On a recent episode of “2 Broke Girls,” Max (Kat Dennings) complained to her fellow waitress, Caroline (Beth Behrs), that work at the diner was boring because they had no customers.
“First of all, you’re forgetting the pack of dogs that wandered in, had an orgy and left,” Caroline said.
“Probably easy for me to forget, ’cause I wasn’t the one they tried to have sex with!” Max replied.
The laugh track roared over that exchange, which occurred in the first 10 seconds of the episode. As far as shock-value, it barely registered. In fact, it’s more challenging to stumble upon a scene from “2 Broke Girls” that doesn’t have a lewd comment. The sitcom, canceled last week after six seasons, will be remembered — more than anything else — for its sheer quantity of raunchy jokes. Glamour once ran an article titled “So Exactly How Many Sex Jokes Are There in an Episode of ‘2 Broke Girls?’ ” (There were 42.)
So now that the comedy was officially scrapped by CBS, which unveiled its new fall schedule on Wednesday, we offer a farewell to the filthiest show on network television — which sparked quite a few FCC complaints — with a Q&A that will clear up any questions for confused viewers.
Q: Was the show based in some sort of sex-crazed setting?
A: You might think so. In the opening scene of the pilot, a diner customer asks Max where his waitress went. A loud scream is heard from off-screen, because as it turns out, the waitress is having sex in the kitchen. “She’s coming!” Max replies. The episode also has a joke that the waitress’s uniform has a stain that’s clam chowder, or it could be something else. (Get it?)
But no, the show is set in a regular diner, even though the off-screen waitress is a prostitute. She gets fired and is replaced by the glitzy Caroline, newly broke because her rich father was just busted for a Ponzi scheme. Even though Caroline is Max’s polar opposite, they become friends and roommates, and embark on a dream to open a cupcake shop.
Q: This aired in prime time on CBS. How did they get away with all the jokes?
A: The scripts were filled with references to sex acts and genitalia but they were conveyed through (heavy-handed) innuendo. “Old Hollywood rule — never follow sausage,” someone tells Max and Caroline in the series finale before they walk a red carpet. “Oh, I’ll go. Following sausage is kind of my thing!” Max says, her approximately one-millionth dig about her own promiscuity. (Dialogue in Season 3 about a Salvation Army donation bin: “You’re just going to crawl into the dirty box?” Max: “Dirty box was my nickname in continuation school.” And earlier, Caroline: “I’m not as easy as Max.” Max: “Said every girl in my seventh-grade class.”)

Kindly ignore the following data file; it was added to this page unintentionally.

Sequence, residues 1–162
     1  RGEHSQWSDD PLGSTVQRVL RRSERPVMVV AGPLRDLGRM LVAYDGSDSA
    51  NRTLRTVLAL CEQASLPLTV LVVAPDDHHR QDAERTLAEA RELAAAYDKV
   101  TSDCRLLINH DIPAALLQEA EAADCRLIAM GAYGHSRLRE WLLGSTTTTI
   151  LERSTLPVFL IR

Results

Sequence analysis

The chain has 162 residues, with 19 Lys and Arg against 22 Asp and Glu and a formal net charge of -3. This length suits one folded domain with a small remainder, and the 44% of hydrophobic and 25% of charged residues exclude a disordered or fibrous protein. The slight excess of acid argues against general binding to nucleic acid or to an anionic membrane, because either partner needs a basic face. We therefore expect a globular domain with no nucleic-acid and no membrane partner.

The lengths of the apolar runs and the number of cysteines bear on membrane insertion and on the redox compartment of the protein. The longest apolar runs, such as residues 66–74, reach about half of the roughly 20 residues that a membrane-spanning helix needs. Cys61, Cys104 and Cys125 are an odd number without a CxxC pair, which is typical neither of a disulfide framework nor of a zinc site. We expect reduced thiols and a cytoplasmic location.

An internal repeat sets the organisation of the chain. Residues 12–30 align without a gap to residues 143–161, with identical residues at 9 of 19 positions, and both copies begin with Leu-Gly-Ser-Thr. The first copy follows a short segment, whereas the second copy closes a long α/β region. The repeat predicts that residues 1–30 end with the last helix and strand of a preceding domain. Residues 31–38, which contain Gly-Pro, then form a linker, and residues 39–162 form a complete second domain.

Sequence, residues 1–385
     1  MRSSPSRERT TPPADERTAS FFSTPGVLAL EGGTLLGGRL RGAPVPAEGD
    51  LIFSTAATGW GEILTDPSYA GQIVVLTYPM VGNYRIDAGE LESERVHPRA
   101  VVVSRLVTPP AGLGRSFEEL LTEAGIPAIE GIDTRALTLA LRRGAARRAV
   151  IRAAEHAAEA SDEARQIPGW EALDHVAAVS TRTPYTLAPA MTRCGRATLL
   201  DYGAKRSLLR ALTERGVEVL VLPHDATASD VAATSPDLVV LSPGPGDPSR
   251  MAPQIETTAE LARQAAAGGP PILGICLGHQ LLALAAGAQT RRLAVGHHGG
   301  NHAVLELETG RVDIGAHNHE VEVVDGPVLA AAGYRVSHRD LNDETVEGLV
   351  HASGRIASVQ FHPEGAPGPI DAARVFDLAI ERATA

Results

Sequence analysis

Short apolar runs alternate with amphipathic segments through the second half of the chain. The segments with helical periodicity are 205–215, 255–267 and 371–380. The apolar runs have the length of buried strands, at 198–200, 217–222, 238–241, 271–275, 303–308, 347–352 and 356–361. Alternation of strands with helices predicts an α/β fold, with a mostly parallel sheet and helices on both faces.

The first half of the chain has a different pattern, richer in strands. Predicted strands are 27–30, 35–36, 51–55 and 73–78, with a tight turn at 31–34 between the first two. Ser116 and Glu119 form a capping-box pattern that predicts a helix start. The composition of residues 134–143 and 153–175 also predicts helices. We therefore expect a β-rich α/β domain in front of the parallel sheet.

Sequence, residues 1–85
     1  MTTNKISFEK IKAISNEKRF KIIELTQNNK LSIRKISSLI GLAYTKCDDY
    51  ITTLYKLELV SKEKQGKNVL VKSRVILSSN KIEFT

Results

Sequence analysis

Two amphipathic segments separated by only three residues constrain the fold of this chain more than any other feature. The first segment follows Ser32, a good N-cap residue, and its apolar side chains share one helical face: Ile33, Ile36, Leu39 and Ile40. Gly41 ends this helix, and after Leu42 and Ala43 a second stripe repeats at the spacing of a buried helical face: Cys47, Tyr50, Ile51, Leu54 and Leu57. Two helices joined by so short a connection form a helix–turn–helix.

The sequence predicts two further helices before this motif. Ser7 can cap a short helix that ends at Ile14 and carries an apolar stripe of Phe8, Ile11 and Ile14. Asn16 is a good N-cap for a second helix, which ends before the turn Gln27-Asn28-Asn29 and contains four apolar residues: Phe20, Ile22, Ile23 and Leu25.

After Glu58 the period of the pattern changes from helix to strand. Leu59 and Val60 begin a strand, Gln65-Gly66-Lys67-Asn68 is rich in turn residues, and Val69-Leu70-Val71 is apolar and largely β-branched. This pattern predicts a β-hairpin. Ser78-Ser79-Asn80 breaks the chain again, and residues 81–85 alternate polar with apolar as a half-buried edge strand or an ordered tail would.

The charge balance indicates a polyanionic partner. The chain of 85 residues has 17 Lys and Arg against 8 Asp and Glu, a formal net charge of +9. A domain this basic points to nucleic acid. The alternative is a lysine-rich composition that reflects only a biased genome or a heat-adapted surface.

There were countless more. From Season 2: “What do you do when a girl is choking?” Caroline exclaims about a customer in distress. “I just back up a few inches,” responds Oleg (Jonathan Kite), the chef. Season 4: “The Sad Ladies Book Club is reading ‘Fifty Shades of Grey’ again. There’s not a dry seat in the house.” The jokes often involved Sophie (Jennifer Coolidge), Oleg’s love interest. Season 4: “Sophie, you are hot,” Max says. “The first time Oleg saw you, his soldier not only saluted, it exploded.”
During the first season, Michael Patrick King of “Sex and the City” — who co-created the show with comedian Whitney Cummings — defended the show’s sense of humor, praising the writing’s “extreme wit,” while addressing its fairly early time slot. “It’s a very different world than 8:30 on Monday on CBS in 1994,” he told reporters at the 2012 Television Critics’ Association winter press tour. “I consider our jokes really classy dirty. I think they’re high lowbrow. I think they’re fun and sophisticated and naughty, and I think everybody likes a good naughty joke.”
Q: How did critics feel about the show?
A: They weren’t fans, starting from the first season’s troublesome cracks about race and ethnicity. It boiled over during the aforementioned media tour session, when King battled with critics who asked whether he was planning to “dimensionalize” the diverse supporting characters, who were frequently reduced to stereotypes — as in the short jokes about Han (Matthew Moy), the Korean diner owner. “I don’t think the characters were one-note. I thought the characters were the first note,” King said.
Journalists occasionally found something to like. “ ‘2 Broke Girls’ is refreshing, in a way. There are tons of shows in which men are ‘allowed’ to be bad boys, but women are generally not the ones getting stoned and sleeping around,” Jezebel wrote at the time. “The show may be very problematic and only sometimes-funny, but it’s kind of fun to hear women talking so frankly about sex and enjoying being crass.”
Q: How did viewers feel about the show?
A: Many loved it, as it still averaged around 6 million viewers an episode in its final season, though down from an average of 11 million viewers in 2012. Others hated it. In 2014, several publications published pages of complaints to FCC about the show’s explicit nature. (Sample complaint: “Two casual references suggesting anal sex on a first date. Are there no standards anymore on broadcast television?”)
Q: Were the girls still broke when the show ended?
A: Yes — but maybe not for long. A movie producer made a movie based on Caroline’s life, and Max got engaged to a wealthy lawyer. The series ended in a fairly typical fashion, as Max’s fiance and Caroline’s boyfriend start physically fighting. The camera shows them grunting and yelling as they wrestle, shirtless.
Max gazes at them thoughtfully and then asks Caroline: “Is it weird I think that’s a little hot?”